I've finally had a chance to read the first couple chapters of Marly Youmans' Death at the White Camellia Orphanage. People will inevitably call it Faulknerian – it's Deep South, it's hot, it's told through the lens of a boy who's neurologically atypical. And it's got fruit and blood. But if you have any spiritual antennae at all, you'll quickly grasp that it's anti-Faulkner. There's fullness, not emptiness, in back of everything.
And the story is backwards, too. Christianity first made its way by claiming the crucifixion and resurrection as the answer to evil. But this novel turns that upside down: in this the novel the crucifixion (at least) is the evil that must be answered. Pip knows at once, in his chaotic, inarticulate way, that everyone is responsible for the death of his brother. The question is, how do you find your way, hobbled with knowing that? Christianity here is the question, not the answer.
Fun fact: only about 75% of people in my new zip code, 97220, speak English at home. Behind me, a conversation in a tonal language – Vietnamese, I think, though it might be Chinese: my ear for these languages is very poor. I find I'm still defensive and unhappy about having failed to learn Chinese. I'm a smart-ass and a showoff, academically: I don't take shit offa nobody and I don't give up on learning anything. Except Chinese. (And its distant cousin Tibetan.) I devoted years to those languages, and I remember absolutely nothing, not a single word, of either one.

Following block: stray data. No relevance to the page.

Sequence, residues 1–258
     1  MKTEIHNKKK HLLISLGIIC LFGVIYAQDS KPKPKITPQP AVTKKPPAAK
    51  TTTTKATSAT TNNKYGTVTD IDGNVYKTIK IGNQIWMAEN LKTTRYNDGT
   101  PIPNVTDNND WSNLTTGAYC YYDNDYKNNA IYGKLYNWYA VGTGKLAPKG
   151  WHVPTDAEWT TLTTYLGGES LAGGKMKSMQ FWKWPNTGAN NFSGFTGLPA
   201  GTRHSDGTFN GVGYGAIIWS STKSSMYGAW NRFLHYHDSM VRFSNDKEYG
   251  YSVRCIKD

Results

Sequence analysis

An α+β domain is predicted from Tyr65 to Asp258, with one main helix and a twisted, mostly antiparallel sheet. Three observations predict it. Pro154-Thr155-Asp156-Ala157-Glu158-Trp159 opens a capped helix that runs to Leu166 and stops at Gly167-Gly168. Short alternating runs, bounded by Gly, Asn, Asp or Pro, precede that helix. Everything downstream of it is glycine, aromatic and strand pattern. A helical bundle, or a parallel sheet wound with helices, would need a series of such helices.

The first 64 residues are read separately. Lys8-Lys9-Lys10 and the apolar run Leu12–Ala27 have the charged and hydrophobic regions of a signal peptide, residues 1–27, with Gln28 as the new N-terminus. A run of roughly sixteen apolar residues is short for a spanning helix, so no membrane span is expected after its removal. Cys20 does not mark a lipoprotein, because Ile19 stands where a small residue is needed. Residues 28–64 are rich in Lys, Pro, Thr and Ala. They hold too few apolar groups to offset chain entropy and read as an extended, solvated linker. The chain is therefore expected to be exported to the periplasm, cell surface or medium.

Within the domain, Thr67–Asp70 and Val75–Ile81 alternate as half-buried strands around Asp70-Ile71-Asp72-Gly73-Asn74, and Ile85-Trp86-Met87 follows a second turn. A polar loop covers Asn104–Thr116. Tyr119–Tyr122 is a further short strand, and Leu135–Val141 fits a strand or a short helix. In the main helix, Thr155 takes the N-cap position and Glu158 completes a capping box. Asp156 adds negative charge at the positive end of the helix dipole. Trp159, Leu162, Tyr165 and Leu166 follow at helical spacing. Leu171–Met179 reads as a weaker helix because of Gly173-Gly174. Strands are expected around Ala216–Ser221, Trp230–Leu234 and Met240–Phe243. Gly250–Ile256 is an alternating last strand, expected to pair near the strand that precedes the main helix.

High walls against the sky, dust blowing up into my face, the faint sour smell of lichen.
Jessie, sleepy, wearing a turquoise cardigan over a hot pink shirt, her hair swarming like an amiable Medusa's. She looks as though she just rolled out of bed, grabbed a coffee pot, and went straight into battle, taking orders and refilling cups. I'll take the time to wake up later, she seems to have said to herself. I find her adorable. I do worry that she doesn't get enough sleep. But I've never seen her irritated or fussed: whatever she bases her sense of herself on , it isn't the ups and downs of waiting tables.
I want about five more clients. I imagine writing fan letters to fifty Portlanders I admire, enclosing gift certificates. Super-targeted marketing. Would that net me my five? Or even one? I've been putting off advertising again, it's such a tiresome business, and I haven't needed to for a couple years. You get spoiled when that happens.